Of common species the most noticeable are the flocks of Linnet and Greenfinch, both species appearing to have had quite a good breeding season. Several parties, but in lesser numbers , of Goldfinch are around and Pied/White Wagtails seem to be everywhere that provides suitable feeding.

Thursday, August 28, 2008

27th August, 2008.

A rather poor day with intervals of driving rain and mist, although quite mild. Attended the RSPB "Bat Walk" at Gruinart in the evening which was marred by poor weather in many respects. Nonetheless we had a series of views, and registrations on the bat detectors, and successive parties of Grey lag Geese flew over to their roost on Loch Gruinart.
I was amused by the thought of the gentleman, who's cottage is in a similar situation to mine, ie remote, blissfully unaware of 25 people staring intently at his porch from whose roof emerged the Pipistrelle Bats until he, in turn, looked out of the window. I couldn't help thinking what my reaction would have been .......casting a view around for the space craft I suspect!!! However we're used to strange goings on on Islay!!!!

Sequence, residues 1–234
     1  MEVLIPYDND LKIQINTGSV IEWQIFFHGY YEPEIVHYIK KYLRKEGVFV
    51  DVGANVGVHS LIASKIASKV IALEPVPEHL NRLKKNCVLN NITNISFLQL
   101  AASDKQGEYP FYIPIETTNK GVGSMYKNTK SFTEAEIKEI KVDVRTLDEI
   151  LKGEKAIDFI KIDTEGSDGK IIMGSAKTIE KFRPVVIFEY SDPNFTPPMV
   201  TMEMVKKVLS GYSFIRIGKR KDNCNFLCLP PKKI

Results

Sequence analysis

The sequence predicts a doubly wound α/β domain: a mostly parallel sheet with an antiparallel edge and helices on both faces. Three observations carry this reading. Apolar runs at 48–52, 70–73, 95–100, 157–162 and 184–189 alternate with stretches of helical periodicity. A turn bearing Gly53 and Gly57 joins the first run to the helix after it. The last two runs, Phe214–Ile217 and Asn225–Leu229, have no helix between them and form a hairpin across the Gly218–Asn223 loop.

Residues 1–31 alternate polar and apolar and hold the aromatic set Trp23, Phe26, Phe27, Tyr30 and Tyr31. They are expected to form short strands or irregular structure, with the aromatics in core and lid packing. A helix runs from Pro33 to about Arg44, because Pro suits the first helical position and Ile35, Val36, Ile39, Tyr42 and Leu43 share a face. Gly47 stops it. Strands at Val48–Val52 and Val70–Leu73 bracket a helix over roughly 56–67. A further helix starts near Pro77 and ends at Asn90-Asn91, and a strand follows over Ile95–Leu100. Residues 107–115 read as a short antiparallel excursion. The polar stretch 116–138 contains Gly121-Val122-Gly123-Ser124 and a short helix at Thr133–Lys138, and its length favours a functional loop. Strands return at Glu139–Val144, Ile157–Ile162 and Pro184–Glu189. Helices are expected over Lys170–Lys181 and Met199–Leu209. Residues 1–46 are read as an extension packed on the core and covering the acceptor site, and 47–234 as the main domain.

Monday, August 25, 2008

22 - 24th August, 2008.

Across to University of Stirling to attend the British Trust for Ornithology meeting associated with bird monitoring in Scotland. Extremely useful and good to see familiar faces. The contribution of records so far relating to the BTO Atlas Project 2007-2011 is impressive and really encouraging.
Looking forward to a big "push" on coverage for Islay and Jura during the winter of 2008 and next year's breeding season, although that achieved so far is very pleasing.

16-22 August, 2008.

A relaxing week with my eldest daughter, Ashley, visiting so little birdwatching done. Time spent talking, walking, eating, reading and watching the Olympics!!!My television watching profile has been altered considerably with a conversion to
"Come Dine with Me", "Friends", a variety of Soaps ( what happened to Jack and Vera, Len and Elsie, Dirty Den .....seems I've a few episodes of various programmes to catch up on!! ). I've been persuaded to watch out for re-runs of "Sex and the City" or the new film. Worse still my very social positioning has been severely questioned....I'm not on Facebook! The realisation that my computer address book has fewer contacts than appears to be the case for most Facebook devotees suggests a tendency to reclusiveness!!